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Optimal WiFi CPE configuration for Apartment Buildings by Mike Everest

Q: We are delivering high speed ethernet broadband to residents of an Urban high-rise apartment building, and want to offer WiFi router option to residentail customers.  What is the best way to design a standard wireless configuration that maximised wireless performance for all customers?

1.    First of all, to get maximum possible throughput, you need 40MHz channel width.
I suggest to avoid channel1 (2412MHz) since most production wifi devices are set to that channel out of the box.  Channel 11 (2462) is a good selection, since all client devices (even international manufacture) will be supported.  Select the extension channel below the primary, thus your wireless service will operate between 2432 to 2472MHz.
This will allow the AP to avoid activity from devices using channel 1 (2412) and share politely with other devices operating on channel 11 (2462) and  7 (2442mhZ) – BUT BE AWARE that any other APs or stations operating on any other channel (2,3,4,5,6,8,9,10,12,&13) will be treated as pure noise that will do nothing but reduce the maximum possible bandwidth of the wireless network.
2.    The next thing to do, (to avoid causing interference to neighboring networks) is to keep the transmit power relatively low.  Keeping tx low will avoid interference to neighboring networks, and (hopefully) avoid encouraging the neighbors to turn up their transmitters to cause interference to your networks.  For a typical small 1 or 2 bedroom apartment with AP deployed in a relatively central location, TX EIRP of 21dBm or less should be satisfactory with low interference/noise floor.  With 2.5dBi antennas, 17dBm tx power setting (in conjunction with ‘manual tx power’ setting above) should be sufficient.  For smaller apartments, lower tx output will suffice.  Remember that most client devices will adjust tx power as AP signal weakens, thus a lower AP tx will usually result in higher Client tx power.  Thoughtful settings at the AP will result in a well tuned match between AP and Client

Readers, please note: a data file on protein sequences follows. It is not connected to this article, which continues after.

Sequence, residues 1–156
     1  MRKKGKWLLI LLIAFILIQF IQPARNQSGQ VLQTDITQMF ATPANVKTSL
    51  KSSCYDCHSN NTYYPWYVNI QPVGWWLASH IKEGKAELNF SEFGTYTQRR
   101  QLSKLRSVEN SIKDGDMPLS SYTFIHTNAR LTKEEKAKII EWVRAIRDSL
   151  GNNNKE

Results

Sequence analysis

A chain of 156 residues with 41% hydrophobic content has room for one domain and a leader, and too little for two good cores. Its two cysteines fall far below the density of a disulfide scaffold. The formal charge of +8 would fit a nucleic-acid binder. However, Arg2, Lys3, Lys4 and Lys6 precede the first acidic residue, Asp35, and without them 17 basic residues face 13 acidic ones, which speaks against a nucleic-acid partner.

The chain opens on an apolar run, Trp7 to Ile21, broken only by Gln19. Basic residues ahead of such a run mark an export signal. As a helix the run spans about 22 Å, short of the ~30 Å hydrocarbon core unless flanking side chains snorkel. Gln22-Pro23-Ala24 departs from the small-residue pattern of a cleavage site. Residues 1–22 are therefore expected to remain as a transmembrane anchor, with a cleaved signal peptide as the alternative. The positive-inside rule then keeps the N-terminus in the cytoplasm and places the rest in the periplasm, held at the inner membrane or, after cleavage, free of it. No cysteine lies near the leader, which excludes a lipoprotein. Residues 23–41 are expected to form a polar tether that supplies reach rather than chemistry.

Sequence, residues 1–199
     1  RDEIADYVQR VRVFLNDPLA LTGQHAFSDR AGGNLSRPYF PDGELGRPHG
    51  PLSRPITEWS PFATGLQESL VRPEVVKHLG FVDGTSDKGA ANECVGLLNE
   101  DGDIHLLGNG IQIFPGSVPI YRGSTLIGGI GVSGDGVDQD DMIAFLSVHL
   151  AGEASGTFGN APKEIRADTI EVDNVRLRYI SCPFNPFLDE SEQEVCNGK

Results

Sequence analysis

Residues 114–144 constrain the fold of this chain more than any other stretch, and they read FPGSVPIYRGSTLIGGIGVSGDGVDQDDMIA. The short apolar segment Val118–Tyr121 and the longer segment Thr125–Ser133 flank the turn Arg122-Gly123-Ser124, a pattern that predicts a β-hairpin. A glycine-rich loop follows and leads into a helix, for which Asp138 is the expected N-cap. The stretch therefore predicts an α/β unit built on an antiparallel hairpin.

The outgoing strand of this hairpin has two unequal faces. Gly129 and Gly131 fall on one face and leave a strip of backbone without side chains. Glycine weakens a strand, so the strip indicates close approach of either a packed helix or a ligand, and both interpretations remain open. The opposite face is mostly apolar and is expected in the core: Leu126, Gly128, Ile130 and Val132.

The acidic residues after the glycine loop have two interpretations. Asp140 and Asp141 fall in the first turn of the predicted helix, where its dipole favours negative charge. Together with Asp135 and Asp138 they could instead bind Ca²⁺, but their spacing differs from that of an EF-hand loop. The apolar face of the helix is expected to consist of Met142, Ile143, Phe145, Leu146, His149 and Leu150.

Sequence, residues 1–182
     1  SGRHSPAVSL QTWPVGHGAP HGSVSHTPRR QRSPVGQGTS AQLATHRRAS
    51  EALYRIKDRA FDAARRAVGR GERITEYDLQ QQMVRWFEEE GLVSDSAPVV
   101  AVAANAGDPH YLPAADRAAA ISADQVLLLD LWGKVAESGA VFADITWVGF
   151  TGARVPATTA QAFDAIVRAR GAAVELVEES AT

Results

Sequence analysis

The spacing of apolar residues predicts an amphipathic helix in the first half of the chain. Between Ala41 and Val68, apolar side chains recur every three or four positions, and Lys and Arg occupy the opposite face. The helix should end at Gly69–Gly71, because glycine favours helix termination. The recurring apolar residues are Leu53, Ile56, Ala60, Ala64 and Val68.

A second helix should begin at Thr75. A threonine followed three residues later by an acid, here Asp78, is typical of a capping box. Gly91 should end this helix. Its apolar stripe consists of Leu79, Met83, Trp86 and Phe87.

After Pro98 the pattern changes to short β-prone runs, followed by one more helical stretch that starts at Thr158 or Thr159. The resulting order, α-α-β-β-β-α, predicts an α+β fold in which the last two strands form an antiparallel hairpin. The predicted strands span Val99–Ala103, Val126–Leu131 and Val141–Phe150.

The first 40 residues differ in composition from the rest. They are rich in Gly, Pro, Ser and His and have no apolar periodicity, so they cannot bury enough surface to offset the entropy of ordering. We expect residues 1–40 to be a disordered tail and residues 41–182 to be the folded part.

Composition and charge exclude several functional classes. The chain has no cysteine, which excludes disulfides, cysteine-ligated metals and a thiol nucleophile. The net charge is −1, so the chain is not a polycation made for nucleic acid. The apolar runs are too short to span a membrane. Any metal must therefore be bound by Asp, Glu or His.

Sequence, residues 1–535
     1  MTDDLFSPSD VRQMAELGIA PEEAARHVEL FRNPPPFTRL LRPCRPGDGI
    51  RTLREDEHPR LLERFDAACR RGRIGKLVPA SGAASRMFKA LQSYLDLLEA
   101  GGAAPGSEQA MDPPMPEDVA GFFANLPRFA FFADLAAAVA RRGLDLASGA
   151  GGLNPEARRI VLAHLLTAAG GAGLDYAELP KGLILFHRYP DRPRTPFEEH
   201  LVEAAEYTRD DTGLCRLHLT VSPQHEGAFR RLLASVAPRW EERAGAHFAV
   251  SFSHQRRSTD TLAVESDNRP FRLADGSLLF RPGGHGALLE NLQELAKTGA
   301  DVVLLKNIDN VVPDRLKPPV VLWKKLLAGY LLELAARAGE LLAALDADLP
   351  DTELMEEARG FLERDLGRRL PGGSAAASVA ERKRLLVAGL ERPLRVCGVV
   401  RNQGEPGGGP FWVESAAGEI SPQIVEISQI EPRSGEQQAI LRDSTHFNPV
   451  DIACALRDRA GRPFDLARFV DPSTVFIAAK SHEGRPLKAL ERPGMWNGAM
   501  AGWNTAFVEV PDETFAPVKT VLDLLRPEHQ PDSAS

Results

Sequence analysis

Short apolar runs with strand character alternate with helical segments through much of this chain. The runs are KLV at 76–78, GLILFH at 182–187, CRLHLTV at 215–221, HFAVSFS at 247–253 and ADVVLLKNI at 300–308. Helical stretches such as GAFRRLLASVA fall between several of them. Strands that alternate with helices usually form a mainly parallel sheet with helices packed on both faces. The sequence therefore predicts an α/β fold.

3.    ACK timeout is automatic for routerOS, which allows the AP to automatically adjust packet timeouts for clients over long distances.  When all stations are indoors, it is sensible to keep the ACK timeouts as short as possible, thus reducing ‘wait time’ before an unreplied packet is considered lost.  This will result in faster overall throughput especially when there is some background noise and interference.  Setting ‘indoors’ distance applies that result.
4.    MIMO operation – multi-in-multi-out allows the wireless transmitters to transfer data simultaneously on multiple antennas, thus effectively doubling throughput.  Note, however, that in order to completely DOUBLE the throughput, antennas must be aligned with their polarities at right angles in order to maximise the channel separation.  Also, the client antennas must be similarly aligned, and almost exactly parallel to the AP.  Although perfect alignment will deliver optimum results, dual chain operation certainly delivers performance benefit even in less than ideal alignment.
5.    Guard interval is a break in the comms signal interval used to allow clients to synchronise with the AP.  A long guard interval will give clients a better chance to detect the break, but can also be a waste of cycles that might otherwise be used to transfer actual data.  Although shorter guard interval results in faster maximum throughput, many wireless client devices (namely apple and many android wifi clients) are not fast enough to deal with short guard intervals, and therefore will perform poorly when short guard interval is set.
6.    Last of all, choose aes type encryption algorithm over tkip.  Many wireless client devices (again apple in particular) do not perform well with tkip enbabled.
I hope the info is useful to you – for further information and background reading, I recommend that you familiarise yourself with these similar topics:


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